Online Google Dictionary

complexity 中文解釋 wordnet sense Collocation Usage
Noun
/kəmˈpleksitē/,
Font size:

complexities, plural;
  1. The state or quality of being intricate or complicated
    • - an issue of great complexity
  2. A factor involved in a complicated process or situation
    • - the complexities of family life

  1. the quality of being intricate and compounded; "he enjoyed the complexity of modern computers"
  2. In general usage, complexity tends to be used to characterize something with many parts in intricate arrangement. The study of these complex linkages is the main goal of network theory and network science. ...
  3. The use of wine tasting descriptors allow the taster an opportunity to put into words the aromas and flavors that they experience and can be used in assessing the overall quality of wine. ...
  4. The state of being complex; intricacy; entanglement; That which is and renders complex; intricacy; complication
  5. (COMPLEXITIES) Any condition that causes the job to become more difficult or detailed, but work can still be performed.
  6. Complexity describes flavor that shifts among pleasurable possibilities; a harmonious multiplicity of sensation. The Yemen Mocha definitely should be complex; if the Sumatran is a good one it should also be complex; the Mexican is undoubtedly the least complex coffee of the three.
  7. An element in all great wines and many very good ones; a combination of richness, depth, flavor intensity, focus, balance, harmony and finesse.
  8. (n.) a measure of time or space used by an algorithm. Without adjective this refers to time complexity.
  9. We can say there are two kinds of complexity. Detail Complexity is when there are many variables. Dynamic Complexity is situations where cause and effect are subtle, and where the effects over time of interventions are not obvious.
  10. the improbability of assembling a structure, system, or molecule.
  11. Refers to the complexity of a cheese that shapes its flavor. The cheesemaker controls a cheese’s complexity by carefully managing the enzymes in the curd. These enzymes come from the presence of a wide variety of beneficial bacteria introduced through the milk or the starter culture. ...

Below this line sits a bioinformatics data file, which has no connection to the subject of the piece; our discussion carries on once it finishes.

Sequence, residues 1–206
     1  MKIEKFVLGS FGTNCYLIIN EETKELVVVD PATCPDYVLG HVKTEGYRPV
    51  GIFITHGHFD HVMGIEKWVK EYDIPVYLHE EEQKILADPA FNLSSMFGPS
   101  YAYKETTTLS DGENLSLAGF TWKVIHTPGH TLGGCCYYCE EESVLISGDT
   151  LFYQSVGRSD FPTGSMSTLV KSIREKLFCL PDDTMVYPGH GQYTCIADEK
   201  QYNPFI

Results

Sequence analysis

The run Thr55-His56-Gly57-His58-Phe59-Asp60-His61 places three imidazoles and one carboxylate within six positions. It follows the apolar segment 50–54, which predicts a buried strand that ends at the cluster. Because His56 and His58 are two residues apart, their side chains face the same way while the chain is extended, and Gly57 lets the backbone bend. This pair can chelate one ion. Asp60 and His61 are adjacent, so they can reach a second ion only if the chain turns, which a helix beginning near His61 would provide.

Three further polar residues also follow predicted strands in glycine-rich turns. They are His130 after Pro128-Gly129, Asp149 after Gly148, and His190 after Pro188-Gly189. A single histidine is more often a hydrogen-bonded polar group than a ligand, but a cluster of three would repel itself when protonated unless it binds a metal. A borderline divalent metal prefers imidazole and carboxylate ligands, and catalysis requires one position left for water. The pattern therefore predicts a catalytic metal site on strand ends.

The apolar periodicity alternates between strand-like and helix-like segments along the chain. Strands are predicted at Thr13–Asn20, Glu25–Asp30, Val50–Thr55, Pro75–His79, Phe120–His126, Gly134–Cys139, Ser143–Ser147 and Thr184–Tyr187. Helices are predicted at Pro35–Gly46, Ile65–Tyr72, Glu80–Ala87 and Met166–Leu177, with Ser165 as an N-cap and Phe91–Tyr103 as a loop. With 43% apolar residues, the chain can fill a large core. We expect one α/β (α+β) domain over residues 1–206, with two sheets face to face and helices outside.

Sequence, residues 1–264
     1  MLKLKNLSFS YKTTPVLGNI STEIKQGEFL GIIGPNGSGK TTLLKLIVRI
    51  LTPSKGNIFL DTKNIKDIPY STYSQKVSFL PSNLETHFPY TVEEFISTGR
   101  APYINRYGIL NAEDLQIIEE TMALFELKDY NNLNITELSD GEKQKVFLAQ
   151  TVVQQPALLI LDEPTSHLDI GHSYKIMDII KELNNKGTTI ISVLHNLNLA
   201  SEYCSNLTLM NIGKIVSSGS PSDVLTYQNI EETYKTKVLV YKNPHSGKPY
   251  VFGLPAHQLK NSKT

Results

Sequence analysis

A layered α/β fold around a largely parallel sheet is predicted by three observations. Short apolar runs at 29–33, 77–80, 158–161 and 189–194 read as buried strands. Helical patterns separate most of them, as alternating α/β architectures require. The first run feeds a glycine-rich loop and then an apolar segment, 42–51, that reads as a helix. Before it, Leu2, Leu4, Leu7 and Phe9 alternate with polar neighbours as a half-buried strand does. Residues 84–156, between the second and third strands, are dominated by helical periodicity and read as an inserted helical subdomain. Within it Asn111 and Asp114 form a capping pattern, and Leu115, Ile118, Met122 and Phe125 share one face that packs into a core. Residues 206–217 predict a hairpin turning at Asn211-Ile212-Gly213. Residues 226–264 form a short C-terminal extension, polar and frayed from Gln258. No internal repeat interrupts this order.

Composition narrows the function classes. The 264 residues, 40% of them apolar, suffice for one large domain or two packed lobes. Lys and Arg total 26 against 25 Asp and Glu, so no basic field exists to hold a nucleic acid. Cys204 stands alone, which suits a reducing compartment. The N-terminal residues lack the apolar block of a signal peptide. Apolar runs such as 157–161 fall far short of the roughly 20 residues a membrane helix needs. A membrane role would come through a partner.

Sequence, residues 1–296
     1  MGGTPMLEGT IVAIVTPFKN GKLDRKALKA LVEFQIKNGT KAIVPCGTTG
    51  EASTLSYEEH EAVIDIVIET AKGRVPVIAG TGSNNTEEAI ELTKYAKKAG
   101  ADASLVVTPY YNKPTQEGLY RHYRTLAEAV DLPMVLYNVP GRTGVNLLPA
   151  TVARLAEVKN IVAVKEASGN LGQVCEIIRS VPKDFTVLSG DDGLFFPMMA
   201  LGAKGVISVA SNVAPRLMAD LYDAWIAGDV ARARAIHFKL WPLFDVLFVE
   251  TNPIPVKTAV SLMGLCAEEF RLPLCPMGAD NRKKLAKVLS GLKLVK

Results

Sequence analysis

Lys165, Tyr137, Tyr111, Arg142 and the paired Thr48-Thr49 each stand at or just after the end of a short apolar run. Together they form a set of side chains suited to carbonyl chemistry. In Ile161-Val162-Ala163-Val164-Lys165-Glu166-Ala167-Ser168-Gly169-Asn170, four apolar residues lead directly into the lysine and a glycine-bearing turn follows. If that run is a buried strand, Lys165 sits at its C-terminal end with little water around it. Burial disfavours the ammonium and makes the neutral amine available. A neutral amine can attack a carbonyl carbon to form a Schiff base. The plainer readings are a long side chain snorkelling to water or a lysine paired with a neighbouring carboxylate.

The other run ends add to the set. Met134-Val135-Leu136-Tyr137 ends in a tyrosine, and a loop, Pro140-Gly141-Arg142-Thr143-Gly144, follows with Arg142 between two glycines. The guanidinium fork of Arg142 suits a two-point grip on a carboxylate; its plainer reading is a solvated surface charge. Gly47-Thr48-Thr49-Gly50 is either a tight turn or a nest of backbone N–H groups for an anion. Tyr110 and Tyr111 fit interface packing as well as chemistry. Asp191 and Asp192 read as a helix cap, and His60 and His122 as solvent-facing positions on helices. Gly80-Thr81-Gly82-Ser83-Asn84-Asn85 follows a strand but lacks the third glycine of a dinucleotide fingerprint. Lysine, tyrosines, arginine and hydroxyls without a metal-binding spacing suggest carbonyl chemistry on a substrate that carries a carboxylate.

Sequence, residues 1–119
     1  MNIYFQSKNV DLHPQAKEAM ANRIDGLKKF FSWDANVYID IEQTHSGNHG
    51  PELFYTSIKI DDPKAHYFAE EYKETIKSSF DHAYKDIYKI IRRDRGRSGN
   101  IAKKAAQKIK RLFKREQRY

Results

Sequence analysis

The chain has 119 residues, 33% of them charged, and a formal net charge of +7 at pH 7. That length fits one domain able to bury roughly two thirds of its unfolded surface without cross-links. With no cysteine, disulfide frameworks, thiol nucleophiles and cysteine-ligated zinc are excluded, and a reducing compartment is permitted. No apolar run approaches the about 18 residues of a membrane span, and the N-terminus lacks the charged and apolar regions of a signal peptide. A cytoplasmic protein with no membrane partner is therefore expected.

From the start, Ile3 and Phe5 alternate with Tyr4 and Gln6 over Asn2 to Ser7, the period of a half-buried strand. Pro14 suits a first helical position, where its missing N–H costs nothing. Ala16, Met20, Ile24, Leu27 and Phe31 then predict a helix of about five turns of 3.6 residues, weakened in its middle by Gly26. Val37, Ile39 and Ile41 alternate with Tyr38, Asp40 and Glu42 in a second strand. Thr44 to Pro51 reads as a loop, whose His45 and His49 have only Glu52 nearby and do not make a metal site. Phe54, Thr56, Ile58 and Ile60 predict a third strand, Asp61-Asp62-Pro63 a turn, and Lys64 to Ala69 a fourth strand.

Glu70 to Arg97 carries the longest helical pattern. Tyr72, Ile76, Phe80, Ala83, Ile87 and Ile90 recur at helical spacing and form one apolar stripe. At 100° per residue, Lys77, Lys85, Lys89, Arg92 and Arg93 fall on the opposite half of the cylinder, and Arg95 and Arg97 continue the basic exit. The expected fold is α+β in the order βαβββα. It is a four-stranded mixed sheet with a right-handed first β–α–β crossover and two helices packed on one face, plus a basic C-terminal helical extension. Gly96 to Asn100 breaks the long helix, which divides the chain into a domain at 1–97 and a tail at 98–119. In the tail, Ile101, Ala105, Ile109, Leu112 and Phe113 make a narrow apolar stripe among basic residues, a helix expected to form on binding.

12. The level of difficulty to build, solve or understand something based on the number of inputs, interactions and uncertainty involved.
  13. The number of species at each trophic level and the number of trophic levels in a community.
  14. A tasting term describing coffees whose taste sensations shift and layer pleasurably, and give the impression of depth and resonance.
  15. The degree to which a component or system has a design and/or internal structure that is difficult to understand, maintain and verify. See also cyclomatic complexity.
  16. Structural complexity refers to the degree to which a program is difficult to understand by human developers in order to, for example, inspect the program, or modify it. There are other types of complexity (e.g., algorithmic complexity). Different measures of software complexity exist. ...
  17. (in  complexity (scientific theory): Complexity as a systems concept; in  complexity (scientific theory): Emergence in an artificial stock market )
  18. Complexity is the measure of the number and strength of interactions of its components. The components are organized not in a linear chain, but a network with specific connectivity, branches and loops. Network components affect each other through their interactions (molecular interactions). ...
  19. Multiple layers and nuances of bouquet and flavor that are perfectly balanced, completely harmonious, and delightfully interesting.
  20. Poor Terminology! Like `specificity', the term `complexity' appears in many scientific papers, but it is not always well defined. (See however M. Li and P. ...
  21. Short name for McCabe Cyclomatic Complexity.
  22. The term "low complexity sequence" may be thought of as synonymous with regions of locally biased amino acid composition. In these regions, the sequence composition deviates from the random model that underlies the calculation of the statistical significance (P-value) of an alignment. ...
  23. is a measure of the number of possible states a system can take on, i.e., the condition of a system, situation, or organization that is integrated with some degree of order but has too many elements and relationships to understand in simple analytic or logical ways.
  24. any of various measures of the difficulty of a given decision problem, computational method, or algorithm; for example, the total number of bits, flops, or operations used may be regarded as approximately a function of the size of the problem, or the amount of work involved in its solution.
  25. complexity in this manual is the basis of the fractal dimension; it refers to a change in detail or the number of parts something is made up of, with change in scale (in microscopy, the change in scale is the change in magnification or resolution); click the image to learn more